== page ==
Jump to content
Nugget Shooter Forums

bassebus

Nugget Shooter Members
  • Posts

    5
  • Joined

  • Last visited

Recent Profile Visitors

The recent visitors block is disabled and is not being shown to other users.

bassebus's Achievements

Copper Member

Copper Member (1/7)

7

Reputation

  1. I should change my post header since i know much more about this. Here's the response from the Swedish Natural History Museum. Very cool. Thanks @Morlock for the link. ------- Hello Bassebus, Thanks for the email. I think I can answer your question. It is very much a fossil of a so-called orthoceratitis you have here. It is an extinct group of octopuses that had most of their body enclosed in a long, straight shell. This specimen is only part of the whole animal (which could be several meters long). The outer wall of the shell itself is ground away, and what we can see is the inner part of the shell which was divided into chambers by many small walls (the white transverse stripes). All chambers are filled with the mineral calcite (white areas) and calcareous clay (reddish areas) which have filled the cavities in the shell after the animal's death when the shell was on the seabed before it became a fossil. The longitudinal wide stripe that can be seen in some of the pictures is a so-called siphuncle, a tube that went through all the chambers in the entire shell and which was filled with living tissue when the animal was alive. With the help of it, the octopus could regulate how much water and gas was in the shell's chamber to balance the shell and change position in the sea (rise to the surface if there was more gas and sink again with more water. Much like a submarine. You can see that the ridges are quite wide and that the sieve sparkle is at the bottom and is quite wide. This allows us to identify this octopus. It belongs to the genus Endoceras (see the picture of a reconstruction of Endoceras above). It was one of the largest animals of its time and may have been one of the most important predators in the sea before fish with teeth and jaws developed. Endoceras was very common in the sea that covered Sweden during the period Ordovician (485-440 million years ago). The color of the stone inside the chambers also fits well with the fact that it would be a Swedish fossil you have. Maybe from Öland, where these octopuses are very common in the limestone that was formed during the Ordovician. You can see many similar fossils in floors and stairs in older public buildings, which are often made of Öland lime. You can easily find your own copies there and in several other places in Sweden. On the Swedish Museum of Natural History's website, you can read more about the time period ordovicium and the animals that lived during that time:https://utstallning.nrm.se/4.4f4d16d8151338bf60390306.html#ordovicium I hope this answer gives you a little more information about your fine fossil! Have a nice summer! Christian Christian B. Skovsted Deputy Head of Unit First Curator, Evertebrate Paleontology Department of Paleobiology Swedish Museum of Natural History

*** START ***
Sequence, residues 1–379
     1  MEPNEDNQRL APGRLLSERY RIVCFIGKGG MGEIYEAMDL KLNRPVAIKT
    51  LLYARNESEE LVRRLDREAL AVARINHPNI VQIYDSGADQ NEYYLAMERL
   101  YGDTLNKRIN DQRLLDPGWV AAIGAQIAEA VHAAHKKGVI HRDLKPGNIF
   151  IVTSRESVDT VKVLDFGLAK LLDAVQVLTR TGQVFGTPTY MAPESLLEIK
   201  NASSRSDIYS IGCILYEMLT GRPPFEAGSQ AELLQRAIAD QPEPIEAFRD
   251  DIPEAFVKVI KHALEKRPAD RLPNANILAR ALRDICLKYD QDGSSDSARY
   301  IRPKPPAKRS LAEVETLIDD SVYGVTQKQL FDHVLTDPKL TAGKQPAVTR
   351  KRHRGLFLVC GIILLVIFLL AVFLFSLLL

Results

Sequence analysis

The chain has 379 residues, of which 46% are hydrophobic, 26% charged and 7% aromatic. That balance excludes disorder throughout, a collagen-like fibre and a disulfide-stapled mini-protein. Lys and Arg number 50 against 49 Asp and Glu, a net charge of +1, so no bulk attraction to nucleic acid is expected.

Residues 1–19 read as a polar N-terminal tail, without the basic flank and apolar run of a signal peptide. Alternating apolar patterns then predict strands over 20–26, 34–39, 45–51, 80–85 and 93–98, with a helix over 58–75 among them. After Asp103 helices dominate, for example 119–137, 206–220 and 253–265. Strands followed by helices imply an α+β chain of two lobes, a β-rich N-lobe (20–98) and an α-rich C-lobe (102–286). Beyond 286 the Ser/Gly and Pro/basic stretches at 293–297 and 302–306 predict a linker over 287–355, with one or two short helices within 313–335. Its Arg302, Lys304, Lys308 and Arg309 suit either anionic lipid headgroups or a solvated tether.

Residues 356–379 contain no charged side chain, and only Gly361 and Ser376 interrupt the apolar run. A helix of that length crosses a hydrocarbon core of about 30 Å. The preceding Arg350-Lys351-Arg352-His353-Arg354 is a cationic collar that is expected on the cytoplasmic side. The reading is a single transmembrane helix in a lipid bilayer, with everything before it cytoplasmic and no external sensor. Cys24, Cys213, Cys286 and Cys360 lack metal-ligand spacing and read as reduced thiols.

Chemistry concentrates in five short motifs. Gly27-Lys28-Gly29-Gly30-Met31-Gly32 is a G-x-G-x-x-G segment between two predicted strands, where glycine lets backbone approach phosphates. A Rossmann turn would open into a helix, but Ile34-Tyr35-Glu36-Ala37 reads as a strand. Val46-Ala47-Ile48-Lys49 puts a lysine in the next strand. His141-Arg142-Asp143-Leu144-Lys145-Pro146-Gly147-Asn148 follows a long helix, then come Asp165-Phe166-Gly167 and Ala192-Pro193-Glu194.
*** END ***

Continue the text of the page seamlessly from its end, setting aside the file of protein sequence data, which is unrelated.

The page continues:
2. This is great. I will. and i'll update this thread with any further findings. thanks.
  3. Thank you all (well, most :-)) for great responses. Special shout-out to @Bedrock Bob and @Terry Soloman for getting me on the right (i think) track. Even though it seems my piece is too large for a Machaerid, your input landed me on an Orthoceras Fossil. I found this image which i think is fairly similar to mine (also the size is pretty much identical. Now I just need to find a cross section to compare with. Also, Orthoceras fossils are apparently common in Sweden, which makes sense since that's where my family originates from. Again - thanks a bunch!
  4. well, it has certainly been found naturally - then cut/polished (unfortunately). looking around the internets, i'm starting to wonder if it's stalagmite?
  5. Hello everyone, I came across this in my father's collected items. I know absolutely nothing about rocks, minerals and fossils, but i'd love to know more about this piece. Perhaps it is very straightforward.. Unfortunately, I have little background information on it as well. It could have been acquired either by my great grandfather who journeyed from Sweden to North America and traveled across the continent, trading stuff, OR by my grandfather in Sweden, who, as a fine-watch repairman, would settle for payment in things he was offered and liked, should the customer come up "a little short" on payments. Here are some snapshots, and would greatly appreciate some thoughts! thank you. https://photos.app.goo.gl/MFbmQEJhxdfvbUkMA
×
×
  • Create New...